Today when we want to put a hole through a relatively thick piece of iron, most folks will turn to their electric drill or drill press. Though augers and braces and bits have existed for centuries (for instance the early 15th century image of St. Joseph from the Merode Altarpiece), these type tools are best suited toward wood and not iron. The drill press eventually came along, but about two hundred years or so ago. So what’s the solution? why fire of course. When a smith needs to make a hole in a piece of iron, he will heat the piece to a white hot and by use of a “hot punch” strike a divot in one side of the iron, then flip the metal and strike again with the punch on the reverse. The technique produces a small flatten slug and of course the hole. One of the telling signs that this has been done is that there is also a slight swelling of the iron to either side of the hole. Rather than having a large series of punches to make different size holes, smiths will often drift the hole to enlarge it.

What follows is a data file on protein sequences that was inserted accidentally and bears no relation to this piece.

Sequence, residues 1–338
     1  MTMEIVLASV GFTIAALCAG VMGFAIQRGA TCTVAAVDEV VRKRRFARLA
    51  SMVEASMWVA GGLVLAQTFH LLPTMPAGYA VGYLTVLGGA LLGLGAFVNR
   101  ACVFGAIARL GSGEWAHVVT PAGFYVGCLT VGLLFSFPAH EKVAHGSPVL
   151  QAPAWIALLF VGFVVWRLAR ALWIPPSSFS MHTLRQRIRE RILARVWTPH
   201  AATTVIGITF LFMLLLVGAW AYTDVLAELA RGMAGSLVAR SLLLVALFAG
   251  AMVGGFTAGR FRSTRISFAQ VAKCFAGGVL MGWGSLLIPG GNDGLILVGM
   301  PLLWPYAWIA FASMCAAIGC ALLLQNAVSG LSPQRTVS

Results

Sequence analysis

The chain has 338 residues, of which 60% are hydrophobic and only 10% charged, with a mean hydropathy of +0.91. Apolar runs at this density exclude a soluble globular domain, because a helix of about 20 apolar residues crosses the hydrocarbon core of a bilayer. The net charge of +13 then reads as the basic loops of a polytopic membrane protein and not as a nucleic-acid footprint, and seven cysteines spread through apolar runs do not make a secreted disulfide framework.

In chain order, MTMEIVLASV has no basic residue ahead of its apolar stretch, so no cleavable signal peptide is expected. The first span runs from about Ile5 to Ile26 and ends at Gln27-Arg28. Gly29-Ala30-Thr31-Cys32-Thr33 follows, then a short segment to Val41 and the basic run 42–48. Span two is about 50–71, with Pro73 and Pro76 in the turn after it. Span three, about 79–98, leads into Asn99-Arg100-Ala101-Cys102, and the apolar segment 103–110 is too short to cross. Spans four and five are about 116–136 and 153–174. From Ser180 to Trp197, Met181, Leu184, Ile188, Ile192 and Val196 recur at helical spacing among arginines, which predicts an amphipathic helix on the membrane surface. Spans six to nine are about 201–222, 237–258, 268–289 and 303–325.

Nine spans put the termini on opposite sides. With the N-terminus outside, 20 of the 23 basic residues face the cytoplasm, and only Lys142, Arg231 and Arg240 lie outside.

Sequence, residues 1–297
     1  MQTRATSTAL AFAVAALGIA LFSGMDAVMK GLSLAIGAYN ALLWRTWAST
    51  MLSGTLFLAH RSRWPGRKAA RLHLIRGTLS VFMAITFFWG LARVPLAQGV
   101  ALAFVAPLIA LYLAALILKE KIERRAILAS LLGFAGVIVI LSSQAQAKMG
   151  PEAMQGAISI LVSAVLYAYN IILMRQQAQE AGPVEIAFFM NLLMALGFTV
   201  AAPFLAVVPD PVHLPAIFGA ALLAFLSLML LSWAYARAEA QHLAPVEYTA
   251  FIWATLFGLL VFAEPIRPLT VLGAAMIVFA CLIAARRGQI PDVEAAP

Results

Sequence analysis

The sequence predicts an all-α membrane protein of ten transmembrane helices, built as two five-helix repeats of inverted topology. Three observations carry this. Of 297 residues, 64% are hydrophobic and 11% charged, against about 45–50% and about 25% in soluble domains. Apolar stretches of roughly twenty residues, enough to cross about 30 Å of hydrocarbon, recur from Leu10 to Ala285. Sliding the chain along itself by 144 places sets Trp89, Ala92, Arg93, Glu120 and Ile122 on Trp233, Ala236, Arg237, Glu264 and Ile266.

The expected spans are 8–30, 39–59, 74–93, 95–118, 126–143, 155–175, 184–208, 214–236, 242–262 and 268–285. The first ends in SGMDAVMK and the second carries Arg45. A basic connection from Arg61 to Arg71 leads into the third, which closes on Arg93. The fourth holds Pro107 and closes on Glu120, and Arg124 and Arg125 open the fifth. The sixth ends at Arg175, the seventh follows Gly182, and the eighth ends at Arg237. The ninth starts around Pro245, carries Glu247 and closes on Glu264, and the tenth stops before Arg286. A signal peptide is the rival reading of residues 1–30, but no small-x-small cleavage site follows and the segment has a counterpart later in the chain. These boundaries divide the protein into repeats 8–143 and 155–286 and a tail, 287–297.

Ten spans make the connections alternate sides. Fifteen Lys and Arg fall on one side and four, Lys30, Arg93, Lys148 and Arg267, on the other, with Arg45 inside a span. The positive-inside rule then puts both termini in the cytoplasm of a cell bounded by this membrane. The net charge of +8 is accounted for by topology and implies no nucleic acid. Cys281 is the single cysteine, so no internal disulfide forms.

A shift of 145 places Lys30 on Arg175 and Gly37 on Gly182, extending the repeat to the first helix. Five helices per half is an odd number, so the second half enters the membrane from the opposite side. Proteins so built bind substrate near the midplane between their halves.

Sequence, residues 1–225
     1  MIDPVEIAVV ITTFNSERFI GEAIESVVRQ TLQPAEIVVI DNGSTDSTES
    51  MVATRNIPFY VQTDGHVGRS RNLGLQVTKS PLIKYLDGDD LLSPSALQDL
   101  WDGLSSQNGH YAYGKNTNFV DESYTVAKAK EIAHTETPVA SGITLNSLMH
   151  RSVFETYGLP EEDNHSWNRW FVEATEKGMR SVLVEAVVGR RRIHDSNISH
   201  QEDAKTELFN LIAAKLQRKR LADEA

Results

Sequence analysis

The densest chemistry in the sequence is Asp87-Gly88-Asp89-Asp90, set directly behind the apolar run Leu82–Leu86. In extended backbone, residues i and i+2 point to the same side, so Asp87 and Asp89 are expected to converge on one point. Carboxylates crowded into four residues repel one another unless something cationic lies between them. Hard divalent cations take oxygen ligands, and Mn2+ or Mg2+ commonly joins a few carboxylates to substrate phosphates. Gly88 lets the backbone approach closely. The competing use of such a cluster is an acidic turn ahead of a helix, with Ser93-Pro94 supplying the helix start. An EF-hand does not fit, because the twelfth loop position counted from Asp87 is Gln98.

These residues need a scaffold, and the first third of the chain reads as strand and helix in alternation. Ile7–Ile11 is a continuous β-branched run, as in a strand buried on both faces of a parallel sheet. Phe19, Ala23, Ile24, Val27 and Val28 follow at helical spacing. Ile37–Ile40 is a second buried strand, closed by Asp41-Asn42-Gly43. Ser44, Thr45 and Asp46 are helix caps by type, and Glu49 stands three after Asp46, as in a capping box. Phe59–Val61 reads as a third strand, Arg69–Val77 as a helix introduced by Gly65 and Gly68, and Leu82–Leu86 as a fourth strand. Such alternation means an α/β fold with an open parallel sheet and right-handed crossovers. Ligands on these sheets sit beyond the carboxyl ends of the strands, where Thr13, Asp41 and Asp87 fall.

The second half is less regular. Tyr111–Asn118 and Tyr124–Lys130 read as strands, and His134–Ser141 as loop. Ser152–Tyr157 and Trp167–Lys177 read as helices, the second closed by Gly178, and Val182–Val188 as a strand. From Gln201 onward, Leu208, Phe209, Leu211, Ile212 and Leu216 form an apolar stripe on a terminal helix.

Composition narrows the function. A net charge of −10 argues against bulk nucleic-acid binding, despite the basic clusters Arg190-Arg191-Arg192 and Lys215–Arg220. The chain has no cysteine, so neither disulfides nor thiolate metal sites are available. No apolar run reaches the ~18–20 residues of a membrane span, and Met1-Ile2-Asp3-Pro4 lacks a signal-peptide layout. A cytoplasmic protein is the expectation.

In this video by Joe, a blacksmith in the Netherlands (www.youtube.com/user/TechnicusJoe) demonstrates how to convert a cross pein hammer to a functional hot punch and how to use it to make the hole and then drift it.